Systemd initializes the Linux system - processes, mount,.. -, after the boot process has finished.
It also the first process that starts with a PID=1.

Systemd manages the system as units and unit files.

The systemd units control services, mounts, swap spaces, sockets, ...

A unit file is a file that contains different parameters and data about the units - services, devices, mount points, ... -

Systemd also handles the targets - equivalent to runlevels -, which are a combination of units "working together" to produce a certain environment, for example the "multi-user.target" environment ,or the "graphical.target" environment.

To know the default target that our system is running, we could use the below command:


To switch to a different target, for example the "multi-user.target", we use the below command:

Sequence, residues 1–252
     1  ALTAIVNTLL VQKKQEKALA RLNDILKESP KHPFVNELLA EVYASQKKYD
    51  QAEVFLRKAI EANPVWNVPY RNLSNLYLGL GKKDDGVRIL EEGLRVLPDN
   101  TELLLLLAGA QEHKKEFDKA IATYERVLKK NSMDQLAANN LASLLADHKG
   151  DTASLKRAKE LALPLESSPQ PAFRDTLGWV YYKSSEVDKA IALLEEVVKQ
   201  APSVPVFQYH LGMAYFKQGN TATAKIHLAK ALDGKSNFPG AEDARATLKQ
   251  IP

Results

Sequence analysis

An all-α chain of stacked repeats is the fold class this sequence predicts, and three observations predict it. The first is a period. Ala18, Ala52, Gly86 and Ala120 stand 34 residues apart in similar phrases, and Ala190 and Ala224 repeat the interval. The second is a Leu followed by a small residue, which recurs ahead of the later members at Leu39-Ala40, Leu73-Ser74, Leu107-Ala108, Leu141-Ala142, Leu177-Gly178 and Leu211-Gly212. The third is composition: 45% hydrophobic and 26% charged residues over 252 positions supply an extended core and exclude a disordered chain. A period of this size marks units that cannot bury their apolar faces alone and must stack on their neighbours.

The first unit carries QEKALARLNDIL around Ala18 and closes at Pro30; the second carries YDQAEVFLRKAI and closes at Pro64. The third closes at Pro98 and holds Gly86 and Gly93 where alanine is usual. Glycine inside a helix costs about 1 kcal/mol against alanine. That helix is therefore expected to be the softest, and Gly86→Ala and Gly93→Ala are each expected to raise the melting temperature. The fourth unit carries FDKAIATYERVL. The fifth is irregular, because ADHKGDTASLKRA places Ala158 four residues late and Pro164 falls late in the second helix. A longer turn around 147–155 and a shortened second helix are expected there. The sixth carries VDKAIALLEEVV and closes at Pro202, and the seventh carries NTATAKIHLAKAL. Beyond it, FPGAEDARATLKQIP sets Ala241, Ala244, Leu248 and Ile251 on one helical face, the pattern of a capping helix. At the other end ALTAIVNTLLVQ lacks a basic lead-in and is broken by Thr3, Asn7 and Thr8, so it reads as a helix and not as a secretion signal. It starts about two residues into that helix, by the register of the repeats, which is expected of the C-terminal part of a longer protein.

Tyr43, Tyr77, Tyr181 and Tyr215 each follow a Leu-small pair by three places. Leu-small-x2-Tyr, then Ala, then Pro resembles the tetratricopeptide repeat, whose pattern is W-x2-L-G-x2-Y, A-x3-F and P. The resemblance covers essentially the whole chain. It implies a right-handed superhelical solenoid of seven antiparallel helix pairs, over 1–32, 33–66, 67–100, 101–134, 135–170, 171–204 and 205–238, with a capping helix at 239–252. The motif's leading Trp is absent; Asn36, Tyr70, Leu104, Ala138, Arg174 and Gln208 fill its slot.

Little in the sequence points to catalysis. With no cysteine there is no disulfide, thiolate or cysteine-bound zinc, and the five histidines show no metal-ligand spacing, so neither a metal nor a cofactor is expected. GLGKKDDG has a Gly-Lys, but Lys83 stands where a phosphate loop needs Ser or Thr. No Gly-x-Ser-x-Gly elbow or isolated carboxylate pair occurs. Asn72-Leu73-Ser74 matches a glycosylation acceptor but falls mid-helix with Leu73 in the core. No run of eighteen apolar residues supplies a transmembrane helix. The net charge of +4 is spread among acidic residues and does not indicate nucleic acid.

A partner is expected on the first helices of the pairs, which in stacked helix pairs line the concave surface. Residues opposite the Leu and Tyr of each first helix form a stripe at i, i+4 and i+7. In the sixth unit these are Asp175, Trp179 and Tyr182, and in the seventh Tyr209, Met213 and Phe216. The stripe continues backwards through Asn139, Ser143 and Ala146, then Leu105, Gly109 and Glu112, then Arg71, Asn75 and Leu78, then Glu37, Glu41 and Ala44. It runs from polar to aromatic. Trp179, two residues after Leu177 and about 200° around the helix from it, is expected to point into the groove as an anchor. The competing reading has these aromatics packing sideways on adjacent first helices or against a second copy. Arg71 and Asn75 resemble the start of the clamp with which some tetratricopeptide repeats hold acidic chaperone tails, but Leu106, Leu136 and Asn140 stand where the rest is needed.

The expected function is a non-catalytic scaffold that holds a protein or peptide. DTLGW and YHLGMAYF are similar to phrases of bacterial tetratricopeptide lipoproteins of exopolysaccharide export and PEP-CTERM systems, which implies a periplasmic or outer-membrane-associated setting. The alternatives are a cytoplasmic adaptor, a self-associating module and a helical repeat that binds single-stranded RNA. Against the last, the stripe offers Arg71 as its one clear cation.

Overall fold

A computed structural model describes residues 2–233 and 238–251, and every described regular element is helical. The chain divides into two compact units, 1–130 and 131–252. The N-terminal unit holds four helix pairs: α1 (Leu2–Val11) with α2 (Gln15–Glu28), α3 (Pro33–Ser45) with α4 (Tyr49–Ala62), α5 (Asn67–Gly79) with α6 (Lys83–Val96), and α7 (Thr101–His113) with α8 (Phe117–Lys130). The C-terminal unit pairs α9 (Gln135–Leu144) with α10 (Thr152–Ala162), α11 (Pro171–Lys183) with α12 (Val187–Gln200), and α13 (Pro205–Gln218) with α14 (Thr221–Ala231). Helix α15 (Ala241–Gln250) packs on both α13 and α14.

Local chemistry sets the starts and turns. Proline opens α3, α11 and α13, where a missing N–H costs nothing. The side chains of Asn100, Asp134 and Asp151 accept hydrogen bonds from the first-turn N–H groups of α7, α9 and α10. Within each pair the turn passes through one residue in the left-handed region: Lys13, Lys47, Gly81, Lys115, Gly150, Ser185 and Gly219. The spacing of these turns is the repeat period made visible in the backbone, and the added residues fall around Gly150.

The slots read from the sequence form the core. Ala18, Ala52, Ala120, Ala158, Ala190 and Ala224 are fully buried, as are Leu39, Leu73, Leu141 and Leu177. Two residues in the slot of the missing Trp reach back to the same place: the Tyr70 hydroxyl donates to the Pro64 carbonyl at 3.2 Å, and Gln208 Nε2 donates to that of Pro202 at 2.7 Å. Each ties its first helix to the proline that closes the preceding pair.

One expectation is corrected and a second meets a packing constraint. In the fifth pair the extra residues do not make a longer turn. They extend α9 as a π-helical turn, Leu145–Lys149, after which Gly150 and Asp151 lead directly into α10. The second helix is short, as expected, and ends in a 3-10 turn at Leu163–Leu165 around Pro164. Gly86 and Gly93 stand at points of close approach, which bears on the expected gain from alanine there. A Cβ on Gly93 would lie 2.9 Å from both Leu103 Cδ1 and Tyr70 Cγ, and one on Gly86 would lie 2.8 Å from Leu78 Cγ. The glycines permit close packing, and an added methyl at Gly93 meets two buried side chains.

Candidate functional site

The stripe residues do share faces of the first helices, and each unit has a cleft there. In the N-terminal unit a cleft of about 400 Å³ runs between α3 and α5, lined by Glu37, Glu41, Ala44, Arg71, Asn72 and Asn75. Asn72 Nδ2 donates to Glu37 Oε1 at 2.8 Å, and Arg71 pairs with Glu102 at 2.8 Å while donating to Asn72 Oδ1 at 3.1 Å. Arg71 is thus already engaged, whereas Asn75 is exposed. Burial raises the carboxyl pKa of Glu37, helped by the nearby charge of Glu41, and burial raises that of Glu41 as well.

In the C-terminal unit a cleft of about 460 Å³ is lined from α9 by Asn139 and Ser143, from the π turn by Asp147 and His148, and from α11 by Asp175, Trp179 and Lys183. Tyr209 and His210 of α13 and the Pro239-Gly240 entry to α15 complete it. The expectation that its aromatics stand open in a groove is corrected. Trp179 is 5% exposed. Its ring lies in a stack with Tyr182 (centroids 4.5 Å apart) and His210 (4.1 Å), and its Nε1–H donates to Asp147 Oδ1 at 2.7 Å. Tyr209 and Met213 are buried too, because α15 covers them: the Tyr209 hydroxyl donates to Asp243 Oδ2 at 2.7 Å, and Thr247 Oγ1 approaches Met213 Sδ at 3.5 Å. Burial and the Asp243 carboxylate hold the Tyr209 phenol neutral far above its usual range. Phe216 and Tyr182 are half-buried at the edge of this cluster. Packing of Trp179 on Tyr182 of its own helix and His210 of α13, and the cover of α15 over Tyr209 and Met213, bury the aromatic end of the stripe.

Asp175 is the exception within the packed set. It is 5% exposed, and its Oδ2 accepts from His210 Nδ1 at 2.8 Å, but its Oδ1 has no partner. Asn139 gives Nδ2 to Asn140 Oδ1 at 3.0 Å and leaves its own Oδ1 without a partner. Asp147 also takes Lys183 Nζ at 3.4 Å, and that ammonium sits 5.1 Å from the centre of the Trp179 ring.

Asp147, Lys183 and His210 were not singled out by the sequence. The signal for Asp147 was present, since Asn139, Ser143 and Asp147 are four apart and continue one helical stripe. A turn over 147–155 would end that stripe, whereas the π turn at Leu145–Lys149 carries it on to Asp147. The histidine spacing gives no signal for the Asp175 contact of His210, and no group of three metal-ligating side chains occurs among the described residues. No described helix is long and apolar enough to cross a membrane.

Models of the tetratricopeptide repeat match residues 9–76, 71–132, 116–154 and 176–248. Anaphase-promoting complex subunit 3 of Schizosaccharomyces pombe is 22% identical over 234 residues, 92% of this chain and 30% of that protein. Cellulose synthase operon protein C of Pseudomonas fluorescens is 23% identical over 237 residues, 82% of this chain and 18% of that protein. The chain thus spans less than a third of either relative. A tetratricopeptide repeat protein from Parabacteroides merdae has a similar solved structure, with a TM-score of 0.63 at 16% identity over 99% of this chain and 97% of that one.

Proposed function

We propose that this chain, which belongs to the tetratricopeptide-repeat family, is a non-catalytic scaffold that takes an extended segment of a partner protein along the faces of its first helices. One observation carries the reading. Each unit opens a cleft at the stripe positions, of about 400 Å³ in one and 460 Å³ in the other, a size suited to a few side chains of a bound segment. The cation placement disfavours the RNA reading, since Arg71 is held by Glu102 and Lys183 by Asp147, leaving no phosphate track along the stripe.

To list all the unit-files, we use the below command:


To list all the unit-files for the services, we use the below command:


To list all the services, we use:


To list the "running" services, we use the below command:


The type could also be : socket, mount, swap, target, ...

The services could also have the below states:
  • enabled : enabled services start automatically.
  • disabled : are not taken into account during boot time.
  • static : can't be enabled or disabled
  • masked : masked services can't be started.
Services live in "/usr/lib/systemd/system" or "/lib/systemd/system"
directories.

Disabled services will not start at boot time, and we would have to start them manually is need be.
We can disable a service using the below command:


Masked services can't be started. We could mask a service using he below command:


Unit files stored in the "/usr/lib/systemd/system" directory, have the below format:


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